Canadians need a little perspective - Keith Roulston editorial
When I heard the story last week from a national polling company that Canadians are angry, I at first dismissed it as a way the company had to get attention. Then I listened to a week of news stories and I thought I might be wrong.
My attention was first taken by news that Pollara Strategic Insights has launched a new monthly “rage index” to gauge public opinion on Canadians’ views. It found that when Canadians think about stories in the news, from inflation dating all the way back to the truckers’ protests in Ottawa last winter, 60 per cent feel angry while only five per cent feel happy. I suspected this story was really about getting publicity for the company, especially when I read that they counted the anger of people on both sides of the trucker protests - both those frustrated at the disruptions caused by the truckers and the anger of the protesters themselves.
But perhaps the survey changed my perspective because I began to pick up bits and pieces that showed people’s frustrations. Globe and Mail columnist Gary Mason wrote about people in the service industry who are leaving their jobs because they are tired of being abused by their customers, given the relatively low rate of compensation they get. He told of being on a plane and the woman in the seat beside him having a fit because her TV wasn’t working properly. She demanded instant service but the flight attendant was still serving meals. When she finished meal service, she returned and spent several long minutes helping the irate woman, with little thanks.
Then the Ontario Nurses Association reported that part of the reason that there is a shortage of nurses these days is that people are quitting the business because they have felt an increasing sense of danger, with more and more suffering violence at the hands of angry, demanding patients.
And then, of course, there was the well-publicized shouting incident when an irate, hulking man and his wife swore at Deputy Prime Minister Chrystia Freeland in an Alberta hotel lobby. That brought accompanying stories from a growing number of female politicians about close calls and threats they had endured.
So, maybe the survey wasn’t just an attempt by a normally-obscure polling company to get some attention.
People are frustrated about the rapidly rising cost of food, much of it caused by pandemic shortages. The cost of gas has also soared due to Russia’s war on Ukraine, although it’s come down recently. People are furious about line-ups to get passports so they can travel again, and long lines at airports – in both cases because workers were laid off because of the pandemic and now there are manpower shortages.
But I can’t help wondering what refugees from the war in Ukraine think as they watch the frustrations of Canadians when they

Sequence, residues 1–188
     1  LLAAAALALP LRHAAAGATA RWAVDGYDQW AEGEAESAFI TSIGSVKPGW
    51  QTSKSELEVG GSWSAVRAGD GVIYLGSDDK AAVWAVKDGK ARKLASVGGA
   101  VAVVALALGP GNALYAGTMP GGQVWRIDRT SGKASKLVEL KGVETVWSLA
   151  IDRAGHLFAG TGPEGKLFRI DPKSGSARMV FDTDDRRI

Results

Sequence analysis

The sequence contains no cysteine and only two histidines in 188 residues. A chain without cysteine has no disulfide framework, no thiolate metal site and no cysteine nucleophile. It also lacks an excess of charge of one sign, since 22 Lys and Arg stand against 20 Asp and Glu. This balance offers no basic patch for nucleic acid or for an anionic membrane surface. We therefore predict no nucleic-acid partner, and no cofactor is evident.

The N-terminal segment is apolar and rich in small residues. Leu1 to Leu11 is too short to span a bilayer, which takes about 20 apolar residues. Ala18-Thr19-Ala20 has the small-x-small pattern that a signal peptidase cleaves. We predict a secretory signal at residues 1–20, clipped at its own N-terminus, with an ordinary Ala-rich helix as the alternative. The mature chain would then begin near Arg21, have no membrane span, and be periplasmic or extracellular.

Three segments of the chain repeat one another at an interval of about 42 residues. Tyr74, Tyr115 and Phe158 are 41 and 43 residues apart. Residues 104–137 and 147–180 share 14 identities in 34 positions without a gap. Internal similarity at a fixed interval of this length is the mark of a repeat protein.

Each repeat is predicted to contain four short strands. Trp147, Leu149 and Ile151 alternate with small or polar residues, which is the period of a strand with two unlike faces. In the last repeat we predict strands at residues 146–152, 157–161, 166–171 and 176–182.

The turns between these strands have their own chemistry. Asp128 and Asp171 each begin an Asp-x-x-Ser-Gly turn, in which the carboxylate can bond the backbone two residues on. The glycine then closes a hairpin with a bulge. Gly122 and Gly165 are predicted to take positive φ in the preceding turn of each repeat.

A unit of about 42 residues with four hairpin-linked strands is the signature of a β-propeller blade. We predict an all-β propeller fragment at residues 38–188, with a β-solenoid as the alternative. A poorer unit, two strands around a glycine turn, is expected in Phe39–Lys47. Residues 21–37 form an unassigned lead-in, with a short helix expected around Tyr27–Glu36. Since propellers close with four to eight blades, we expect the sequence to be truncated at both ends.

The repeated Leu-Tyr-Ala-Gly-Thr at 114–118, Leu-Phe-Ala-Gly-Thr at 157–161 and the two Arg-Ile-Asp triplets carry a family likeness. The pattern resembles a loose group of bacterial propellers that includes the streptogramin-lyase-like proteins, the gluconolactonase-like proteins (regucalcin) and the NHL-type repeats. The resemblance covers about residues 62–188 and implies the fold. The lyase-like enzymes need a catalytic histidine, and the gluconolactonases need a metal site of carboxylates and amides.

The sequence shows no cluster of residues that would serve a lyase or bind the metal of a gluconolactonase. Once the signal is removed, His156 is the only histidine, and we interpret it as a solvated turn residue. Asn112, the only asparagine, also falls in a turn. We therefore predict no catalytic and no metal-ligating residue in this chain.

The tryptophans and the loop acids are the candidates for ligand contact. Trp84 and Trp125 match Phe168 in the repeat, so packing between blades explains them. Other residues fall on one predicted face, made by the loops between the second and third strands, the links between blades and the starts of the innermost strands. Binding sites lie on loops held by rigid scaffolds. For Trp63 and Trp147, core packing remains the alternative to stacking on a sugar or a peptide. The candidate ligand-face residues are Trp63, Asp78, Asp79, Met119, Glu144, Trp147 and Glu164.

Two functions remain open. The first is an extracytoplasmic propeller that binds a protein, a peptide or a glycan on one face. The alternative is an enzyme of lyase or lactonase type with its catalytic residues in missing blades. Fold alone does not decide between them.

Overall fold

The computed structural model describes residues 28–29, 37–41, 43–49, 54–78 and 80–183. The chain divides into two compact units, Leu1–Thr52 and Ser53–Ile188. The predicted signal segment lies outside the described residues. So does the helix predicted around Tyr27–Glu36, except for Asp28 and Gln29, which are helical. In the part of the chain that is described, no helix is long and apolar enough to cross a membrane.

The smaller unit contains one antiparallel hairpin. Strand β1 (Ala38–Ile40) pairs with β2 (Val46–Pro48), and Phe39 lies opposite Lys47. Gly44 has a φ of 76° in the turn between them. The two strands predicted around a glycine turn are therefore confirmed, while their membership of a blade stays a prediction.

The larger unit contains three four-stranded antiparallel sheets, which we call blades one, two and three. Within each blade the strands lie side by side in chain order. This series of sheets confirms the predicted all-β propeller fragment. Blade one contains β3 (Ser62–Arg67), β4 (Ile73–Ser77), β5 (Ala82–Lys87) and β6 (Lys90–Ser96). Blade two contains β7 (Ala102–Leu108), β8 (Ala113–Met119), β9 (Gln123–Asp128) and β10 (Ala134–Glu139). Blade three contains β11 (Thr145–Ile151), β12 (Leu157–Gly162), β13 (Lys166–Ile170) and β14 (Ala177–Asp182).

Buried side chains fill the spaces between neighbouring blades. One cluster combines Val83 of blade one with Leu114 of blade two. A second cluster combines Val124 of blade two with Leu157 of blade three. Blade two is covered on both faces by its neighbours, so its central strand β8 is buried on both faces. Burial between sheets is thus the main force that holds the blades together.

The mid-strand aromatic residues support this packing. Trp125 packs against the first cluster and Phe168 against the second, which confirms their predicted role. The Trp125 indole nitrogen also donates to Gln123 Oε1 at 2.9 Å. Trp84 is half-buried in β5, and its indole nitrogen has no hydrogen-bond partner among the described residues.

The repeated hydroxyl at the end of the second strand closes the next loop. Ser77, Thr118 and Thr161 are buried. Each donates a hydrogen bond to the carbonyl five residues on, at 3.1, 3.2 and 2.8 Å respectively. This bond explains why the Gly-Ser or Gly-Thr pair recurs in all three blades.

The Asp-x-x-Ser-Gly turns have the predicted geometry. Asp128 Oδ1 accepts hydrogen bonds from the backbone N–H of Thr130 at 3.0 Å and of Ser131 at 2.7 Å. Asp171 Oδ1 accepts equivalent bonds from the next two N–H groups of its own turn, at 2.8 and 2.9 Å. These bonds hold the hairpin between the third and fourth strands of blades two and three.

left their husbands behind to fight the Russian invaders while they sought safety for their children in Canada and worried if their homes survived.
It’s amazing how constricted people’s modern horizons have become given the many, many sources of information about other eras and how lucky we are to live when we do, even when inconvenienced by COVID-19.
Take those irate air travellers, for instance. Recently I read author F. Scott Fitzgerald’s last, unfinished novel, The Last Tycoon. In it, the very rich take an air flight from the eastern U.S. to Hollywood in the late 1930s; airports are tiny and passenger aircraft are even tinier as only the ultra-rich could afford to fly. Today, millions of Canadians fly off to vacations, or business trips to other parts of Canada, and get furious if they have to wait in line-ups because of worker shortages caused by the pandemic.
People, we need a little perspective!
Our lives are better than human beings have ever experienced. Recently Jill and I have been watching Alias Grace, the mini-series developed from Margaret Atwood’s novel about a servant woman in prison in 1843 for the murder of her employer. Seeing the lifestyle of servants nearly 200 years ago is enlightening.
And you don’t need to go back that far. I’m 75 years old and the world has changed in my lifetime. Like all those impatient travellers, I’m supported by the old age pension and Canada Pension Plan, though I don’t have the employer-supported pensions many of them enjoy. My forefathers worked until they died because they couldn’t afford to retire.
Our medical system, though we see its flaws, is outstanding. I’ve had three medical emergencies in the past three years which would probably have ended my life in an earlier era. One was to replace a heart valve damaged by a childhood disease - rheumatic fever - unheard of today.
Yes, we can hope for a still-better world, but let’s appreciate how good we have it!